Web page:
On Friday, January 31, 2020, the Supreme Court of Texas clarified the law of partnership formation in the closely watched case of Energy Transfer Partners, L.P. et al. v. Enterprise Products Partners, L.P. et al. The case addressed whether parties can unintentionally form a partnership despite having unmet contractual preconditions to formation. Debate around this question has been churning since 2014, when a jury found that a partnership was formed by conduct alone, regardless of the unmet conditions precedent. The Dallas Court of Appeals reversed this decision in 2017, restoring some clarity for contracting parties.
The Supreme Court of Texas has now resolved the debate: When a contract between parties states that certain conditions must be met before they form a partnership, those conditions will be enforced under Texas law and will preclude courts from finding that the parties unwittingly entered into a partnership through nebulous post-contract behavior.
The Underlying Events and Lower Court Decisions
In 2011, a glut of crude oil sat in Cushing, Oklahoma. To transport the oil, Enterprise Products Partners, L.P. approached Energy Transfer Partners, L.P. (ETP) to discuss constructing a new pipeline to the Gulf Coast near Houston. The parties’ letter agreement contained the following conditions precedent:
[N]o binding or enforceable obligations shall exist between the Parties with respect to the Transaction unless and until the Parties have received their respective board approvals and definitive agreements memorializing the terms and conditions of the Transaction have been negotiated, executed and delivered by both of the Parties.
While the parties negotiated as contemplated by the letter of intent, work on the project continued. The parties created a project team, marketed the proposed pipeline to potential shippers and asked shippers to commit to daily barrel volumes and rates. Enterprise eventually terminated the project and entered into a new pipeline project with Enbridge Inc. to transport oil to the Gulf Coast. The Enbridge/Enterprise pipeline, called Wrangler, opened in June 2012 and was a financial success.
ETP then sued Enterprise for breach of joint enterprise and breach of fiduciary duty. ETP argued that the parties formed a partnership through their conduct and that ETP was therefore entitled to an accounting of the profits from the Wrangler pipeline. A jury agreed and awarded ETP $535 million plus post-judgment interest.
The jury verdict ignited a firestorm in the Texas business and legal communities. Businesses routinely enter nonbinding term sheets intended to allow the parties to explore and prepare for possible transactions without requiring them to enter into a transaction. If the nonbinding nature of those types of agreements is no longer enforceable, then parties cannot predict what sorts of actions can be interpreted after the fact as creating a business relationship. The resulting compliance risk is that a company cannot take steps to comply with duties that it doesn’t think it owes to another party.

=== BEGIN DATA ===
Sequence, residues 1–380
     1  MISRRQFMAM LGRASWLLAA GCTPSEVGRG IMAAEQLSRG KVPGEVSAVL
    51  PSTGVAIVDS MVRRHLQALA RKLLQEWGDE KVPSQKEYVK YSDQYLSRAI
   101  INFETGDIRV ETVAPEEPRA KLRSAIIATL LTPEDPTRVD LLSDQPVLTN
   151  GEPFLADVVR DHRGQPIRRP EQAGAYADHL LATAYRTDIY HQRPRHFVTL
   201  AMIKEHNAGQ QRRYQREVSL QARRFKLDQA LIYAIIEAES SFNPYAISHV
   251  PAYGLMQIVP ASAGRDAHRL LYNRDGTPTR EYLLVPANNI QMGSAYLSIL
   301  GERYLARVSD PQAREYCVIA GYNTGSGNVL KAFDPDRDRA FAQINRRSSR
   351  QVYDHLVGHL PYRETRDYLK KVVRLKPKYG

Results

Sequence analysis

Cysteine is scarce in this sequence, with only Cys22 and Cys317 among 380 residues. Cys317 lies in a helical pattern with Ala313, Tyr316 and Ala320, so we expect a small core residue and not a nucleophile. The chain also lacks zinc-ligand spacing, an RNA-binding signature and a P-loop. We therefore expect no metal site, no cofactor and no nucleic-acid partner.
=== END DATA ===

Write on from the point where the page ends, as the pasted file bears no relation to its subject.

At the court of appeals, ETP did not deny that the parties’ agreement contained conditions precedent, but argued that the question of whether a partnership was formed is controlled by the five-factor test set out in Texas Business Organizations Code (TBOC) Section 152.052(a). ETP argued that the conditions precedent were only evidence of one of the five factors under Section 152, “expression of an intent to be partners in the business.”
The court of appeals overturned the jury verdict, holding that unperformed conditions precedent prevent partnership formation unless the parties waive performance of the conditions precedent. The court explained that the five-factor test under TBOC Section 152.052(a) is not the only source of rules for determining partnership formation, but that the principles of law and equity supplement the statutory partnership provisions.
The Supreme Court of Texas Decision
Relying on the deeply ingrained legal principle of freedom of contract, the Supreme Court of Texas affirmed the appellate court’s ruling. The court explained that ETP and Enterprise sufficiently contracted for certain conditions precedent to preclude the unintentional formation of a partnership under TBOC Section 152.052(a). Because the conditions precedent were not met, the parties did not form a partnership.
The court clarified that where the alleged waiver of a condition precedent to the formation of a partnership is at issue, only evidence linked to the waiver itself is relevant — evidence relating only to whether the parties intended to form a partnership is irrelevant. Otherwise, a party could claim waiver in every case.
- When entering into letters of intents or similar agreements, parties should explicitly identify what conditions must be met before a partnership is formed.
- Once the parties enter into such an agreement, they should avoid doing anything that could be interpreted as a waiver of any conditions precedent. Instead, parties should create a clear record that they are not waiving the conditions precedent.
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